Monday, May 23, 2016

Tuesday Tomorrow

Ghosts of Karnak by George Mann
Published by: Titan Books
Publication Date: May 24th, 2016
Format: Paperback, 320 Pages
To Buy

The official patter:
"A woman is found dead on the streets of New York, ancient Egyptian symbols carved into her flesh. A ghostly figure is seen floating over the rooftops of the city. And an expedition returns from Cairo to exhibit their finds at the Metropolitan Museum of Art. Gabriel’s old friend and lover, Ginny Gray, was part of the expedition, but when Gabriel goes to meet the ship, Ginny is not on board.

Ancient forces are stirring and the Ghost, Ginny and Gabriel’s friend Donovan are caught right in the middle…"

How long have I been waiting for this book? It technically FEELS like forever, I know it's not, but it feels that way. Also Egypt Muppet arm flail! 

The City of Mirrors by Justin Cornin
Published by: Ballantine Books
Publication Date: May 24th, 2016
Format: Hardcover, 624 Pages
To Buy

The official patter:
"You followed The Passage. You faced The Twelve. Now enter The City of Mirrors for the final reckoning. As the bestselling epic races to its breathtaking finale, Justin Cronin’s band of hardened survivors await the second coming of unspeakable darkness.

The world we knew is gone. What world will rise in its place?

The Twelve have been destroyed and the terrifying hundred-year reign of darkness that descended upon the world has ended. The survivors are stepping outside their walls, determined to build society anew—and daring to dream of a hopeful future.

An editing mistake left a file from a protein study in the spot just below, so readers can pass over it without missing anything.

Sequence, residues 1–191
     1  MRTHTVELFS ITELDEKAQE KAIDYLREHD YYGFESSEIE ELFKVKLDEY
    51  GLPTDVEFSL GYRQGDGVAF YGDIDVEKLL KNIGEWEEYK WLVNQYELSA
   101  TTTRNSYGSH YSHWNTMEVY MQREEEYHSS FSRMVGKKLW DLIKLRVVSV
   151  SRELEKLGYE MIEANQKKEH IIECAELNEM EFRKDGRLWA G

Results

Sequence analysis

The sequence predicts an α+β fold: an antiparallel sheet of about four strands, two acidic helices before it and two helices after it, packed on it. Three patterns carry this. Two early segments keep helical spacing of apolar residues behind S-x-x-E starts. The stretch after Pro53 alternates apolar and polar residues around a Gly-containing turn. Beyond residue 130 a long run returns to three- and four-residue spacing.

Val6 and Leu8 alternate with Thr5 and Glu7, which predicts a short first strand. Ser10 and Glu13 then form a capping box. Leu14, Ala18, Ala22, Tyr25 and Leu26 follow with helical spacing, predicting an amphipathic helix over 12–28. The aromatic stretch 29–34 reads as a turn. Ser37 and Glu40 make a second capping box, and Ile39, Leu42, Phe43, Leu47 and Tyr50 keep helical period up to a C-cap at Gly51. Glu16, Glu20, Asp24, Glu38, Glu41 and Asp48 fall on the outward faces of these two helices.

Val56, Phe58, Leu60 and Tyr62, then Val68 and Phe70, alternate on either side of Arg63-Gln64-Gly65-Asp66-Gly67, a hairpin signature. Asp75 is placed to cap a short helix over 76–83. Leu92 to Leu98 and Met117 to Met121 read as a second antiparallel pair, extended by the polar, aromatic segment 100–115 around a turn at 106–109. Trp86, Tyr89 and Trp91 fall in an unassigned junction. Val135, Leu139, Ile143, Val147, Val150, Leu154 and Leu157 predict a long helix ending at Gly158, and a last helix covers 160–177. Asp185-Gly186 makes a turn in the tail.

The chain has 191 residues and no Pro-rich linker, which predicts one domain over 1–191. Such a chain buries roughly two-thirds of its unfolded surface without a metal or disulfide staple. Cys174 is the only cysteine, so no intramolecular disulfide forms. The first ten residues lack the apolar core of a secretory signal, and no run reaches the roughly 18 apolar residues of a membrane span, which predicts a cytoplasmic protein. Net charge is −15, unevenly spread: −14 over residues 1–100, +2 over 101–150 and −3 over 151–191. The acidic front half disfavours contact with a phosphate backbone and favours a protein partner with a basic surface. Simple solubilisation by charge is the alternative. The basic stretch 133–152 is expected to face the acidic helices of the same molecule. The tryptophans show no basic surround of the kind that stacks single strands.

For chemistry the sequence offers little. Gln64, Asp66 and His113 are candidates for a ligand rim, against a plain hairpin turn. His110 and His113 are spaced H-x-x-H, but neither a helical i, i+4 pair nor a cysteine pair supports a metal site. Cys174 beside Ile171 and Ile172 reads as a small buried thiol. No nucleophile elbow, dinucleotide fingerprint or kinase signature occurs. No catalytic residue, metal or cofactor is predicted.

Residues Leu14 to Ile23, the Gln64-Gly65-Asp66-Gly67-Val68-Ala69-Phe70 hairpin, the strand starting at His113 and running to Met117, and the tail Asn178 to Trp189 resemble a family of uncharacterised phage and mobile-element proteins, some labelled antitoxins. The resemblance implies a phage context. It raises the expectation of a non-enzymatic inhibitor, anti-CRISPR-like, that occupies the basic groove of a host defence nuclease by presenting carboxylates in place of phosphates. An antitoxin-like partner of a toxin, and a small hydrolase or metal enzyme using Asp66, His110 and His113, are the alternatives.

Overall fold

But far from them, in a dead metropolis, he waits: Zero. The First. Father of the Twelve. The anguish that shattered his human life haunts him, and the hatred spawned by his transformation burns bright. His fury will be quenched only when he destroys Amy—humanity’s only hope, the Girl from Nowhere who grew up to rise against him.

One last time light and dark will clash, and at last Amy and her friends will know their fate."

Just me, sitting here, waiting for the final book to start the series... yes, it's time to start it!

Aunt Dimity and the Buried Treasure by Nancy Atherton
Published by: Viking
Publication Date: May 24th, 2016
Format: Hardcover, 240 Pages
To Buy

The official patter:
"While exploring the attic in her cottage near the small English village of Finch, Lori Shepherd makes an extraordinary discovery: a gleaming gold and garnet bracelet that had once belonged to Aunt Dimity. When Lori shows the garnet bracelet to Aunt Dimity, it awakens poignant memories of a doomed romance in Aunt Dimity’s youth in London after the War. Regretfully, Aunt Dimity asks Lori to do what she could not: return the bracelet to her unsuccessful suitor—setting Lori off on an adventure through London—and through history—to put a piece of Aunt Dimity’s past to rest.

In the meantime, a new family has moved to Finch. The villagers are thrilled because their new neighbors are avid metal detectorists. Metal detectors soon become all the rage in Finch and the villagers unearth a lot of rubbish (some of it quite embarrassing) before one of them stumbles upon a trinket that could hold the key to the origin of Aunt Dimity’s bracelet.

Is the bracelet a priceless and protected national treasure? Was Aunt Dimity’s lovesick suitor a common thief? If so, how will Lori break the news to Aunt Dimity? And what will she do with the bracelet? As Lori searches for answers, she discovers an unexpected link between the buried treasure in the village and the treasure buried in Aunt Dimity’s heart."